Navy Destroyer Modernization Program Could Cost $17B, Take Up to 2 Years Per Hull

USNI News – The plan to upgrade the Navy’s fleet of Flight IIA Arleigh Burke guided-missile destroyers with new radars and electronic warfare suites is estimated to cost about $17 billion and take anywhere from a year and a half to two years to upgrade each warship. The service has been working for the last several years to develop a plan to back fit about 20 Flight IIAs with the AN/SLQ-32(V)7 Surface Electronic Warfare Improvement Program Block 3, the AN/SPY-6 air and missile defense radar and the Baseline 10 version of the Aegis Combat System.

US seeks deal on Philippines bases to complete arc around China

BBC – If you look at a map of East Asia, you can see an arc of US alliances stretching from South Korea and Japan in the north to Australia in the south. But smack in the middle of that is a missing link – the Philippines, which borders two of the biggest potential flashpoints, Taiwan and the South China Sea, or the West Philippine Sea as Manila insists on calling it.  America hopes to finally stitch that gap when Defence Secretary Lloyd Austin meets Philippine President Ferdinand “Bongbong” Marcos Jr in Manila on Thursday.

The Russian Arctic Threat: Consequences of the Ukraine War

CSIS – The impact of Russia’s war in Ukraine has been felt in the Arctic. The region’s primary diplomatic venue is paused, and military tensions are increasing. When Sweden and Finland join the North Atlantic Treaty Organization (NATO), every Arctic country save Russia will be a member of the U.S.-led alliance. The war has not diminished Russia’s core economic and security interests in the region, but it has had some impact on its military readiness there in the short term, especially in terms of ground capabilities, if not at sea or in the air. In addition, there are some preliminary indications that sanctions and export controls may diminish Russia’s ability to deploy precision munitions to the Arctic to a degree. At the same time, Russia’s use of hybrid tactics in the region seems to be increasing in both frequency and severity. The United States and NATO will need to take stock of these developments in a region they have not historically prioritized as they begin to implement their new, respective strategies.

How Gray-Zone Ops in the Yellow Sea Could Trigger a Maritime Crisis

Fairbank Center for Chinese Studies – The body of water dividing the People’s Republic of China and the Koreas has inherent geostrategic importance and military operational significance. It’s long been a complex, congested, contested water space: an overfished area beset by conflicting historical narratives and sovereignty claims.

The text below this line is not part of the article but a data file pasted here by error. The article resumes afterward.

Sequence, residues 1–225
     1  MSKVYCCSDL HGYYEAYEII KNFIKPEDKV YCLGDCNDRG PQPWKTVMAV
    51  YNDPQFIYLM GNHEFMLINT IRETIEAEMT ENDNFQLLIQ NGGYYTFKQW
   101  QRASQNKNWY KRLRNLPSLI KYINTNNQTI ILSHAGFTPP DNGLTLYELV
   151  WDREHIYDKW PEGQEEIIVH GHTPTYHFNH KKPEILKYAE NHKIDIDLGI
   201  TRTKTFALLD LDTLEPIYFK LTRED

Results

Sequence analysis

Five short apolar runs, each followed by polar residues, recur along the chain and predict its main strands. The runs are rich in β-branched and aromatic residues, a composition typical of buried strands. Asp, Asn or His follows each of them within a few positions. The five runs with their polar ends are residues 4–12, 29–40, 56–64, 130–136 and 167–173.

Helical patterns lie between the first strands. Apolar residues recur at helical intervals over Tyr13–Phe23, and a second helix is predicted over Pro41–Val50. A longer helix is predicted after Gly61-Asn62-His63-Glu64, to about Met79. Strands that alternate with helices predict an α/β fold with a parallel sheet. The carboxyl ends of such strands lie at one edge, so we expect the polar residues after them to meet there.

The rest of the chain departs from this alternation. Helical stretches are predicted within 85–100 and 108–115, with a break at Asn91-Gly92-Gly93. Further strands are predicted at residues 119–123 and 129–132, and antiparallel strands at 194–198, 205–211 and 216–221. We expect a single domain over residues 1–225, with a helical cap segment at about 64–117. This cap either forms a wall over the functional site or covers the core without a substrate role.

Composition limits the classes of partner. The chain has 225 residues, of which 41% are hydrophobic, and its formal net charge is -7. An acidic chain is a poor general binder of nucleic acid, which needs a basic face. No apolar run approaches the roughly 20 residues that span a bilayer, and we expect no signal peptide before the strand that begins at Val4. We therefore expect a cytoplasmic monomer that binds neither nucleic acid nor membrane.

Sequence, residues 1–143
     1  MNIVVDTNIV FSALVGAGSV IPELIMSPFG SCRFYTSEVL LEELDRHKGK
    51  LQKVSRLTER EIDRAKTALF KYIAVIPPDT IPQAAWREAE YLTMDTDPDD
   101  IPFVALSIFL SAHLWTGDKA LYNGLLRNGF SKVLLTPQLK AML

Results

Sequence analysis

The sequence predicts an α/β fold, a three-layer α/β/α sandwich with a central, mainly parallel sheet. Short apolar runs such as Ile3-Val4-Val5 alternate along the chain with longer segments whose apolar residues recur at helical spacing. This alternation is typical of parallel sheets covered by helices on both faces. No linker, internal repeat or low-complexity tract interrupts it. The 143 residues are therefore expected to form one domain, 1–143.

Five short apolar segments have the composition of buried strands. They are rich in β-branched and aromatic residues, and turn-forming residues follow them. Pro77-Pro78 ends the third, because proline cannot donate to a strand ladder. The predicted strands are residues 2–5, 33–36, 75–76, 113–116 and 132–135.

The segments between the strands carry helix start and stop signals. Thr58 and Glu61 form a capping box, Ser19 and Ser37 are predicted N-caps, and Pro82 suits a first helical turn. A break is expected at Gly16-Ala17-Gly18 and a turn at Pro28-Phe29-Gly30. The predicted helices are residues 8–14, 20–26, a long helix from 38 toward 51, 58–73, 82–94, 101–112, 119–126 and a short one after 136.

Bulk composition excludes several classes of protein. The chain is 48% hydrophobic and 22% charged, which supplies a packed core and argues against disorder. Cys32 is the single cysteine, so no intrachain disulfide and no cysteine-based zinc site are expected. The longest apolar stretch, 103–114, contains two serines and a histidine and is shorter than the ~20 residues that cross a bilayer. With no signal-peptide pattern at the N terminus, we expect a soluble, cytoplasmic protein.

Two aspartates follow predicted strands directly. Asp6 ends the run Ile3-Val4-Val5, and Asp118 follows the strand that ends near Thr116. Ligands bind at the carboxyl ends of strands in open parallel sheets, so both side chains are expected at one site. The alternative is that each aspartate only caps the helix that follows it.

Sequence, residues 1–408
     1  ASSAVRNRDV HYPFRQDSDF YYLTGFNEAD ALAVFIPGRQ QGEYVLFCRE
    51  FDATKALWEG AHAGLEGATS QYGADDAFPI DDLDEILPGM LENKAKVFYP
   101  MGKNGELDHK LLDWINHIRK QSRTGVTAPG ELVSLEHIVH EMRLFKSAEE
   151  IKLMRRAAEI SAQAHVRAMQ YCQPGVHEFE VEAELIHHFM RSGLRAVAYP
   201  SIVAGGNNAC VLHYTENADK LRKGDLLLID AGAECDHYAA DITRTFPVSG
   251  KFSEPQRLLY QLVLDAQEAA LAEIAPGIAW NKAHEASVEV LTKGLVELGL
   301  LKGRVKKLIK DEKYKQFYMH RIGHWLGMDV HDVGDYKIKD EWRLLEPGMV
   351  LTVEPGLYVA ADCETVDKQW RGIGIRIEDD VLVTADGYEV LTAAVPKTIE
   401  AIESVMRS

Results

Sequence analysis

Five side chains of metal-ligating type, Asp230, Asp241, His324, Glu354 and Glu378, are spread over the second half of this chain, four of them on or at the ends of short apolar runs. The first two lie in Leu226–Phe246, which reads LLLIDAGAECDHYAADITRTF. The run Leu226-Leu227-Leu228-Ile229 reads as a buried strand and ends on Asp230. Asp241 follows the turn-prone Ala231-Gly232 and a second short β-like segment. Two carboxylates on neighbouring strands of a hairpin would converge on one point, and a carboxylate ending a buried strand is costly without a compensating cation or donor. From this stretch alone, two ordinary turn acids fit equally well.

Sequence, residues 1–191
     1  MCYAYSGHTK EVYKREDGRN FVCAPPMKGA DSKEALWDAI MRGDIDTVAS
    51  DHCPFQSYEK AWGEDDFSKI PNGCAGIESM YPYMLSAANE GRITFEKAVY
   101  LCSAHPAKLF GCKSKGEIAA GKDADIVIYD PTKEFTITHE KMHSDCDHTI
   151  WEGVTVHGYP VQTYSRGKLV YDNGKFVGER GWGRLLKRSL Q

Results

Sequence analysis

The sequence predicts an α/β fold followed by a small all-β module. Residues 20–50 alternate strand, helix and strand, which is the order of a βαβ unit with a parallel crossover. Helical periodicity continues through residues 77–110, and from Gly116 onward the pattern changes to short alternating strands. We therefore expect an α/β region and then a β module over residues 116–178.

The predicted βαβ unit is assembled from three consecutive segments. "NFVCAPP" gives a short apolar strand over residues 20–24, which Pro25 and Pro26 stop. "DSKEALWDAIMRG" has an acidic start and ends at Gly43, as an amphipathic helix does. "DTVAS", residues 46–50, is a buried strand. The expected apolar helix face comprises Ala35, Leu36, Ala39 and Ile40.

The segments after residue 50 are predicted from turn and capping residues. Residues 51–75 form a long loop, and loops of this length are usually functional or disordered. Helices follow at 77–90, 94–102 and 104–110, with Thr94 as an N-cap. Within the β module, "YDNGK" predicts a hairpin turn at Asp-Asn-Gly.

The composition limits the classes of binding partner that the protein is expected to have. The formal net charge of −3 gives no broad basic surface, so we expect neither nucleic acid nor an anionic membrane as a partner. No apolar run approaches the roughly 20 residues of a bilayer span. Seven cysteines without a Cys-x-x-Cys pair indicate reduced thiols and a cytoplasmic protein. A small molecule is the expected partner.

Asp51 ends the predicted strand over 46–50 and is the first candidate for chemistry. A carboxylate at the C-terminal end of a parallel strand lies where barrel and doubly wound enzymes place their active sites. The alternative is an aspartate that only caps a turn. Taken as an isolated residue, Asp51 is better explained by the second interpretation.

China Maritime Report No. 25: More Chinese Ferry Tales: China’s Use of Civilian Shipping in Military Activities, 2021-2022

Chinese Maritime Studies Institute – This report provides a comprehensive assessment of Chinese civilian shipping support to the People’s Liberation Army (PLA), examining civil maritime-military activities from October 2021 through September 2022. As of 2022, the PLA and its reserve civilian merchant fleet are still probably unable to provide significant amphibious landing capabilities or the maritime logistics in austere or challenging environments necessary to support a major cross-strait invasion of Taiwan. However, large volume lift exercises conducted in 2022 suggest that the PLA has made significant progress in the use of civilian vessels for the large-scale lift of PLA troops and equipment into undefended ports, a capability that may be leveraged in a military assault on Taiwan. This report also discusses other civil maritime-military activities not previously observed, including the use of civilian vessels and infrastructure to conceal PLA troop movements, operations from austere ports, use of ocean-going vessels to transport PLA forces along inland waterways, and logistics support for China’s South China Sea outposts.

Northrop Grumman makes play to add power, space on DDGs for weapons

Defense News – The U.S. Navy’s next-generation destroyer is slated to provide more space and power for new weapons that today’s Arleigh Burke destroyers cannot accommodate — but the DDG(X) program continues to be delayed. With those new weapons needed now, Northrop Grumman is pitching a way to free up space and weight on existing ships for additions like lasers and microwave weapons.